Everything you need to know about the British & International Golf Greenkeepers Association and how they work with the GCMA.
What does BIGGA do?
Have you ever thought about what goes in to the presentation of a course? It may be more than you think. Greenkeepers are turf managers, team leaders, scientists, agronomists and ecologists. They are highly-educated professionals who manage the needs of golfers against tight budgets and limited staffing. BIGGA is the membership association for almost 6,000 golf greenkeepers, mainly within the UK but also in more than 20 other countries worldwide. Our members help prepare the courses at the world’s largest golf tournaments. They work to raise the profile of greenkeepers, while also ensuring they receive the best support and education available to any profession, whether within golf or elsewhere. As well as hundreds of events, educational seminars and development opportunities, the association organises the BIGGA Turf Management Exhibition each January. The biggest event of its kind in Europe, BTME boasts an unrivalled education programme, which this year delivered over 6,000 hours, the equivalent of more than two hours for every course in the UK.
How does BIGGA work with the GCMA?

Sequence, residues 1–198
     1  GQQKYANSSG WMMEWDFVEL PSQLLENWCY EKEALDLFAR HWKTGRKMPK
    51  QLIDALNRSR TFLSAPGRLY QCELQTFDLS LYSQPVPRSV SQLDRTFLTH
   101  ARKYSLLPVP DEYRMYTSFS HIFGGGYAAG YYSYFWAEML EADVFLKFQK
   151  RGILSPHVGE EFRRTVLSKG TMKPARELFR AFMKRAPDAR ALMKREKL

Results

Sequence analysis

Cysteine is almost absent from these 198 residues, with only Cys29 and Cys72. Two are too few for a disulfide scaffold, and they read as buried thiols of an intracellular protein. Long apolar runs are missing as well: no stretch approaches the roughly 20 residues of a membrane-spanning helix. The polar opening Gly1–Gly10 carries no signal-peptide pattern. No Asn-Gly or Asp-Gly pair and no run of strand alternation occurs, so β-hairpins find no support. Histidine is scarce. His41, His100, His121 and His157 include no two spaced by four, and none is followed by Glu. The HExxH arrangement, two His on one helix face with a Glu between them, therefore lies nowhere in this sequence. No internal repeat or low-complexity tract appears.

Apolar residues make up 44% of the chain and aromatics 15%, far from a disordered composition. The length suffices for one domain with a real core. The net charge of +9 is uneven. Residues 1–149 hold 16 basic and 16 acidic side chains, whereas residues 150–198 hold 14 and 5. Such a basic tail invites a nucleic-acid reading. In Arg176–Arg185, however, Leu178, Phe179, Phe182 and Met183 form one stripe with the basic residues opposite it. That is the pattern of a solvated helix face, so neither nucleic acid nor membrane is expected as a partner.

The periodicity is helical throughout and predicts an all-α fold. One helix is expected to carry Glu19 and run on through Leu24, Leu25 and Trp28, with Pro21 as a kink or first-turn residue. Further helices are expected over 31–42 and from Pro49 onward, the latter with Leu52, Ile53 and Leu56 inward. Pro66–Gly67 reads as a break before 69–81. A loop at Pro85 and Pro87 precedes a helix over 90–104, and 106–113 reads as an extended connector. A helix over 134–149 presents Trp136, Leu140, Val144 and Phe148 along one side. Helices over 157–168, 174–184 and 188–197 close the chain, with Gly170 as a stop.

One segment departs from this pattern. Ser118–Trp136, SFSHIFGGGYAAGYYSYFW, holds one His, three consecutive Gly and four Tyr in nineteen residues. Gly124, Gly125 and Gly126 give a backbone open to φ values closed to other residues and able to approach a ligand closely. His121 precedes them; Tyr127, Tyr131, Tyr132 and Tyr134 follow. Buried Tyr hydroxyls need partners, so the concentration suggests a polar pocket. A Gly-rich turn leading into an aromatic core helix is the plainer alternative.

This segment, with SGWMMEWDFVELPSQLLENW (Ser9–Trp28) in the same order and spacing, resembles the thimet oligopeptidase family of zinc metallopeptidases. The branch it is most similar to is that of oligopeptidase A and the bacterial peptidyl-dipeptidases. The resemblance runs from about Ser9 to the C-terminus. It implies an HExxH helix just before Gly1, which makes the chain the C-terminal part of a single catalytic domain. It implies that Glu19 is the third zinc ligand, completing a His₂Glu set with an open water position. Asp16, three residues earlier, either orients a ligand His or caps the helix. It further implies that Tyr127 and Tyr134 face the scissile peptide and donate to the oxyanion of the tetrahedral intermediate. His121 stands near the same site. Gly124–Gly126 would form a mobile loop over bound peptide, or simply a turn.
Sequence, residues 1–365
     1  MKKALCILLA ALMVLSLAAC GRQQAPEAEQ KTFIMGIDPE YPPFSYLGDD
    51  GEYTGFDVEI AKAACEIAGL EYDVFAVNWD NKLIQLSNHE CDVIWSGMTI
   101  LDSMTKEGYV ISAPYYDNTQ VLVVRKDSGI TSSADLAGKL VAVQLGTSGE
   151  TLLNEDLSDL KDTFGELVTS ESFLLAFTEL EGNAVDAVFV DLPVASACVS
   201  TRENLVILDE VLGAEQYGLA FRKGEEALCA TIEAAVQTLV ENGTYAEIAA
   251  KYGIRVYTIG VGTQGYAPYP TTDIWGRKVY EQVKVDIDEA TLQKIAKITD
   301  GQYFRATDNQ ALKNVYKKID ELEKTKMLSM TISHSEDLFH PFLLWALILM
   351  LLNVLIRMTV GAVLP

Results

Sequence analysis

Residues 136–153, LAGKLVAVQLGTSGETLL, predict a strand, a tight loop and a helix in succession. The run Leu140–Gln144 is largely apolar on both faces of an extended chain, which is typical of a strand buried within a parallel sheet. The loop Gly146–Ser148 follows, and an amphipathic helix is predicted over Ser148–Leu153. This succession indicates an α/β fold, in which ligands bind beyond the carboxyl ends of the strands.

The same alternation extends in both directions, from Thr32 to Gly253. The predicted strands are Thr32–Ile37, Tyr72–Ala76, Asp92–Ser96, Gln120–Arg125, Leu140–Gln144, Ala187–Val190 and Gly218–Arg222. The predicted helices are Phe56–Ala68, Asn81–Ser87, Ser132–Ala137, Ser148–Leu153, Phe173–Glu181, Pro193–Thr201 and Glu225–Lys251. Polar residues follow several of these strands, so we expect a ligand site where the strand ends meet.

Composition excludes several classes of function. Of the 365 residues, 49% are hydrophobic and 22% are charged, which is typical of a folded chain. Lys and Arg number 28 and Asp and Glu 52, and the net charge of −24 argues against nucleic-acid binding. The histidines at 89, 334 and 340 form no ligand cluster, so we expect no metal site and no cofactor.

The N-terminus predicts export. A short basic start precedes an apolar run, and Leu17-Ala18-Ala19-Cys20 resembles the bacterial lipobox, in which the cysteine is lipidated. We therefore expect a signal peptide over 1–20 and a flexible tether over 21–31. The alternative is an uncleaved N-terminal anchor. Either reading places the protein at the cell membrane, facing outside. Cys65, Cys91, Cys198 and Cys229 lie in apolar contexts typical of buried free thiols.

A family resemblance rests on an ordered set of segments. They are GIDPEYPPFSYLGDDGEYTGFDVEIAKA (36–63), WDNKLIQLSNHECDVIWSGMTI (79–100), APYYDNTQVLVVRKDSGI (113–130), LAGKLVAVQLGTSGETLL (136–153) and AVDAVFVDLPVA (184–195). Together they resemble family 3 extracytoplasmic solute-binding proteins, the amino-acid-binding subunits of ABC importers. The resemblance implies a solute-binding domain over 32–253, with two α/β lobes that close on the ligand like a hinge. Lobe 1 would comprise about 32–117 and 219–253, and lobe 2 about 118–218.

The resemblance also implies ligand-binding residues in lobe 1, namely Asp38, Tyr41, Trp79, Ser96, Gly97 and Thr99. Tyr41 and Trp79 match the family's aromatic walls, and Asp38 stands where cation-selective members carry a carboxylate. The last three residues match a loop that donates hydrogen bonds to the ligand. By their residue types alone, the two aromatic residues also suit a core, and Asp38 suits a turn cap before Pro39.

Over recent years BIGGA, the GCMA and PGA have strengthened ties and formed the Golf Club Management Partnership out of the belief that stronger relationships would be for the benefit of the wider golfing industry. Nowhere has this been more evident than the launch of the new Diploma in Golf Club Management. Greenkeepers have made extraordinary progress over the last 30 years based on the twin pillars of education and passion for the craft, and the diploma will ensure the profession of club management progresses on similar lines.
How would BIGGA like to work with clubs?
With four million people in the UK playing the game regularly, the task of educating them on the work greenkeepers do is vast. It increases when you consider the topics: appreciation of greenkeeping and greenkeepers, course etiquette, appropriate green speeds and so on. Greenkeepers don’t shout about their work, but we are encouraging them to engage more widely with the members at their club. Every one of our members has a responsibility to the golfing industry to present themselves as highly educated and highly-skilled professionals. In so doing, the rest of the industry will surely follow suit.
This interview was first published in The Golf Club Manager – the official journal of the GCMA. If you would like to receive the journal, either join the GCMA today, or subscribe to the magazine.